2.2

Construction Joint—Joint installed at location where construction stops for any reason and when the location of stoppage does not coincide with the planned location of an expansion joint or contraction joint.

2.3

Contraction Joints—These are essentially separations or planes of weakness introduced in concrete structures to localize shrinkage movements which would otherwise lead to unsightly cracks. They may be of any of the following types:

  1. Complete Contraction Joint—In this type of joint the bond between adjacent sections of a structure may be broken completely by painting one face with a bituminous material or by setting a layer of waterproof paper or roofing felt against the face of the section before casting the next section up to it.
  2. Partial Contraction Joint—When structural stability is required between sections of a reinforced concrete structure separated by a contraction joint it is sometimes convenient to continue the reinforcement across the joint. Due to presence of reinforcement the movement at these partial contraction joints is usually very small.

*Rules for rounding off numerical values (revised).

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  1. Dummy Joints—Dummy type contraction joints are used more particularly in thin sections of concrete. In these joints a plane of weakness is created by forming a groove in either or each of the surfaces of the concrete, the total depth of the groove being one-third to one-fifth of the thickness of the section.

2.4

Sliding Joints—When variations in temperature, moisture content or loading result in tendency for one part of a structure to move in a plane at right angles to the plane of another part it is necessary to provide a slip plane between the two parts thus enabling freedom of movement in both planes. Sliding joints are usually formed by applying a layer of plaster to one of the surfaces and finishing it smooth before the other is cast on it or by any other approved suitable method.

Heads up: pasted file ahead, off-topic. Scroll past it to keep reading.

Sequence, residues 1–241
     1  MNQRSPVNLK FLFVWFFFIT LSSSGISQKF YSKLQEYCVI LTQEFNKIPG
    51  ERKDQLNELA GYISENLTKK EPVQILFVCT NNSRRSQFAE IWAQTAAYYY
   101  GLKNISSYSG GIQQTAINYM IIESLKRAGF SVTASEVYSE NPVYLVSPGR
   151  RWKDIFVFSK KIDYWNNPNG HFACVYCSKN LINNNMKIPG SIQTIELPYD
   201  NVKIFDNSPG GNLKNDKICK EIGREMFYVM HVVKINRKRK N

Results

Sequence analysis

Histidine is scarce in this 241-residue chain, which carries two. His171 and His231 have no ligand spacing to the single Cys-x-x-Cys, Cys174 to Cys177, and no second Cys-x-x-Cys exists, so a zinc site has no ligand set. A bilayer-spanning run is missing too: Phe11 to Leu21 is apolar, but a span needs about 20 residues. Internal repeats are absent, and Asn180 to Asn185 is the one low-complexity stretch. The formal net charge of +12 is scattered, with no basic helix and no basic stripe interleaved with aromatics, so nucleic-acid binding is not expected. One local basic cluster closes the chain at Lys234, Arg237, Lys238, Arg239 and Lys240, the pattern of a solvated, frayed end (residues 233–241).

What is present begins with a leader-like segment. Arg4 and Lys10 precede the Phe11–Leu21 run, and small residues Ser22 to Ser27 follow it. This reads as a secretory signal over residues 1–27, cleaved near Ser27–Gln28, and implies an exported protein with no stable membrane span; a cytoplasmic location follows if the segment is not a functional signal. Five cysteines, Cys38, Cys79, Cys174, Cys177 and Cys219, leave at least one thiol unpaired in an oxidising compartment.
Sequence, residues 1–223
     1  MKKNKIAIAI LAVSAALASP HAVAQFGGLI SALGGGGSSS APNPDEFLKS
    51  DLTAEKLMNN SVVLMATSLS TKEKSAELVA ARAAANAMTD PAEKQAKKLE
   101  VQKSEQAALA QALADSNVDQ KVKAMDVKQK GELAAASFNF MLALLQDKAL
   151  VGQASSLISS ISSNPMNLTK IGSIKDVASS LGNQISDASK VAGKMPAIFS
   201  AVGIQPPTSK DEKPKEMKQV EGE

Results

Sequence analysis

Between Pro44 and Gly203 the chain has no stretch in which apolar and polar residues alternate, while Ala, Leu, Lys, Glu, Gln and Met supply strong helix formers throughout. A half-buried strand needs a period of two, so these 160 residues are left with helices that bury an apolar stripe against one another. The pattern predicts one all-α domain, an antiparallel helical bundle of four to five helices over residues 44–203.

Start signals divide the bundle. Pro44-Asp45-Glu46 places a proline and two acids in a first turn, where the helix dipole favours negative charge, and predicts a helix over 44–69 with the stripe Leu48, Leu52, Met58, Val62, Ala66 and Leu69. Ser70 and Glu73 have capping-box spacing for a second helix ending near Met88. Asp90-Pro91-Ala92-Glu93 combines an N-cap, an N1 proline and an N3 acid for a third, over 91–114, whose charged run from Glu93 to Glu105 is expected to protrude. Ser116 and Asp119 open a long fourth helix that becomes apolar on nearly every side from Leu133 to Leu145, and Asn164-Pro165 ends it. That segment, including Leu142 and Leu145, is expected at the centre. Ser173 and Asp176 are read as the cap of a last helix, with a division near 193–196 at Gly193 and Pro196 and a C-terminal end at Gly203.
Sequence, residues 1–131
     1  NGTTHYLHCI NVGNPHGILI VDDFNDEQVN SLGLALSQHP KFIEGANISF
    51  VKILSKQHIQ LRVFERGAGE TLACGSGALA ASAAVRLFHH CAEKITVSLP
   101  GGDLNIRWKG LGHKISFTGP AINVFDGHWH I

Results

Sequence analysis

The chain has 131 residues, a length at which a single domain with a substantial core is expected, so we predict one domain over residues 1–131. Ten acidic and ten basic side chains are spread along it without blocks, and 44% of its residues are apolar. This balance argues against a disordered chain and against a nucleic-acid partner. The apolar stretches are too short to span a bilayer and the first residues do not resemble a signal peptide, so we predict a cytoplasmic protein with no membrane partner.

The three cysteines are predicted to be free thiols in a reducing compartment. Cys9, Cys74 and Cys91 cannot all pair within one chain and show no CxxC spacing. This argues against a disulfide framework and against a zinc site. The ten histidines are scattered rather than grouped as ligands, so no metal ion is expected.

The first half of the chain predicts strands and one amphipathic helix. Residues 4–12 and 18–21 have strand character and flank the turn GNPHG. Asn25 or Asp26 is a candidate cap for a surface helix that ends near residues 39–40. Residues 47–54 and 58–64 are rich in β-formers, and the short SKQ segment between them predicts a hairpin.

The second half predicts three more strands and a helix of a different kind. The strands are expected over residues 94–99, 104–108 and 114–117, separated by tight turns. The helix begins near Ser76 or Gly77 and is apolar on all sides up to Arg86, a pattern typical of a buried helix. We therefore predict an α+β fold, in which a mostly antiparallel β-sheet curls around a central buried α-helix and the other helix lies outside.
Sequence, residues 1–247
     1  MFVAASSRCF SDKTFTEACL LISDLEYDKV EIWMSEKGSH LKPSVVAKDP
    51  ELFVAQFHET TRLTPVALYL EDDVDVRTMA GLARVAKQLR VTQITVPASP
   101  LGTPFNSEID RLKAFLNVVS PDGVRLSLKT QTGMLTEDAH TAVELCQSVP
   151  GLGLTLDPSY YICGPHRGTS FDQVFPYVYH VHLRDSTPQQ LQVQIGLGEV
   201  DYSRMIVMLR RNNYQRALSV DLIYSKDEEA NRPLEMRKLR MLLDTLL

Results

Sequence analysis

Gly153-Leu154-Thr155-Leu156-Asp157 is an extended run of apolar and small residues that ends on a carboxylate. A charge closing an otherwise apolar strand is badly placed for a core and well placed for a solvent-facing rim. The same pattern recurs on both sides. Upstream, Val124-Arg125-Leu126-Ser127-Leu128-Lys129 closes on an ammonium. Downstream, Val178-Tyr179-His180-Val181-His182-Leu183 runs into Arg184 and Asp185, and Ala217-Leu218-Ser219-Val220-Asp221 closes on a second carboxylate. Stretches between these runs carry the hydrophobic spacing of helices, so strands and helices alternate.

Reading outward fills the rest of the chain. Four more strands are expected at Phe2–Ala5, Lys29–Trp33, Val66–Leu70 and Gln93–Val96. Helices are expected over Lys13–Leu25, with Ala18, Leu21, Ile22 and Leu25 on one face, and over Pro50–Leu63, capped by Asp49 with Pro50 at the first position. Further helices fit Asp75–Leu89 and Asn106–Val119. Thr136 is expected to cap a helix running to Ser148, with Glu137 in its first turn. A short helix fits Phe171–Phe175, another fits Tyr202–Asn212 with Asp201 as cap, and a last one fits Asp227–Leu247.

2.5

Joint Filler—A strip of compressible material used to form and fill the expansion joints in structure.

2.6

Sealing Compound—A material of plastic consistency applied to the joint in the form of liquid or paste. The function of the sealing compound is to prevent the ingress of water or foreign matter.

2.7

Waterbar—A strip which is placed across the joint during construction so as to form an impervious diaphragm.

3. NECESSARY INFORMATION

3.1

For the design and detailing of buildings the following information is necessary:

  1. Local temperature, humidity and other climatic data;
  2. Complete plan, elevation and details of the buildings; and
  3. Special requirements for waterproofing particularly at locations where joints are intended to be provided. In the case of basements or building parts in contact with water, the pressure of water to which the joints will be subjected to shall be indicated.

4. DESIGN CONSIDERATIONS

4.1

General—The design of joints will depend upon the type of structure, the method of construction and the jointing materials available. All building materials undergo not only elastic and permanent deformation due to load, but also changes in length may be caused by variation in temperature or moisture content. The provision of joints shall be adequate to accommodate these dimensional changes unless the additional stresses that would develop in the absence of joints are considered for in the design.

4.2 Evaluation of Dimensional Changes

4.2.1

Temperature Variations—Spacing of expansion joints is determined in relation to the movement which will occur due to temperature changes.

6

In estimating these movements the temperature at the time of construction may be considered. If concrete is laid in summer the main movement will be contraction and in such cases the expansion joints may be further placed apart provided the design takes care of the tensile stresses caused by contraction. If construction is in winter the expansion joints may be nearer to avoid excessive compressive stresses.

4.2.1.1

The coefficient of thermal expansion of some of the common building materials are given in Table 1 for guidance.

TABLE 1 COEFFICIENTS OF THERMAL EXPANSION OF VARIOUS BUILDING MATERIALS WITHIN RANGE OF 1°—100°C
Sl No. Material Coefficient
a) Bricks and Brickwork 5 to 7 × 10−6 per °C
b) Cement Mortars and Concrete 10 to 14 × 10−6 per °C
c) Stones  
1) Igneous rocks (granites etc) 8 to 10 × 10−6 per °C
2) Limestones 2.4 to 9 × 10−6 per °C
3) Marbles 1.4 to 11 × 10−6 per °C
4) Sandstones 7 to 16 × 10−6 per °C
5) Slates 6 to 10 × 10−6 per °C
d) Metals  
1) Aluminium 25 × 10−6 per °C
2) Bronze 17.6 × 10−6 per °C
3) Copper 17.3 × 10−6 per °C
4) Lead 29 × 10−6 per °C
5) Steel and iron 7 to 13 × 10−6 per °C
Note—Because of moisture movements, range of temperature experienced and variations between natural and artifical materials, coefficients of thermal expansion for the materials cannot be specified accurately. This table, therefore, gives only very rough data, however, they are accurate enough for any calculation that can be usefully made by the designer of a building.